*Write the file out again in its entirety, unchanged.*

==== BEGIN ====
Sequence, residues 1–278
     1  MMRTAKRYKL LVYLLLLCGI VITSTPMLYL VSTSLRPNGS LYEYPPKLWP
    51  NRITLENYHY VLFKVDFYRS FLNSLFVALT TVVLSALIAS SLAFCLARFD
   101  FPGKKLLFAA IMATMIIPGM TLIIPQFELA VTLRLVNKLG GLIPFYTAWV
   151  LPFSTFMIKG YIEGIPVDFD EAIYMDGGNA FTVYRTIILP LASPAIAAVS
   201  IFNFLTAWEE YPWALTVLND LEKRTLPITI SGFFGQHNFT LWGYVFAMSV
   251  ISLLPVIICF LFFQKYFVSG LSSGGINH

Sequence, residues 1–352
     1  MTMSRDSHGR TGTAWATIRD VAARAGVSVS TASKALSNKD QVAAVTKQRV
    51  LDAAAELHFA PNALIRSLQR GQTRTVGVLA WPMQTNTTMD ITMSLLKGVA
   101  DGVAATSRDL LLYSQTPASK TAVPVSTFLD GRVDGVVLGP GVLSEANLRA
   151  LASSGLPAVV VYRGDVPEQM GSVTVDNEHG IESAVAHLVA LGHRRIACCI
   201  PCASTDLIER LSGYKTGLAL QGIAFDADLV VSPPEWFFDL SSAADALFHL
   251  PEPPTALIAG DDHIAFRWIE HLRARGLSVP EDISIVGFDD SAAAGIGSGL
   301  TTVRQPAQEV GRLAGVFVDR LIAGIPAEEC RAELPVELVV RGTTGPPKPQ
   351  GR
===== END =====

Sequence, residues 1–278
     1  MMRTAKRYKL LVYLLLLCGI VITSTPMLYL VSTSLRPNGS LYEYPPKLWP
    51  NRITLENYHY VLFKVDFYRS FLNSLFVALT TVVLSALIAS SLAFCLARFD
   101  FPGKKLLFAA IMATMIIPGM TLIIPQFELA VTLRLVNKLG GLIPFYTAWV
   151  LPFSTFMIKG YIEGIPVDFD EAIYMDGGNA FTVYRTIILP LASPAIAAVS
   201  IFNFLTAWEE YPWALTVLND LEKRTLPITI SGFFGQHNFT LWGYVFAMSV
   251  ISLLPVIICF LFFQKYFVSG LSSGGINH

Sequence, residues 1–352
     1  MTMSRDSHGR TGTAWATIRD VAARAGVSVS TASKALSNKD QVAAVTKQRV
    51  LDAAAELHFA PNALIRSLQR GQTRTVGVLA WPMQTNTTMD ITMSLLKGVA
   101  DGVAATSRDL LLYSQTPASK TAVPVSTFLD GRVDGVVLGP GVLSEANLRA
   151  LASSGLPAVV VYRGDVPEQM GSVTVDNEHG IESAVAHLVA LGHRRIACCI
   201  PCASTDLIER LSGYKTGLAL QGIAFDADLV VSPPEWFFDL SSAADALFHL
   251  PEPPTALIAG DDHIAFRWIE HLRARGLSVP EDISIVGFDD SAAAGIGSGL
   301  TTVRQPAQEV GRLAGVFVDR LIAGIPAEEC RAELPVELVV RGTTGPPKPQ
   351  GR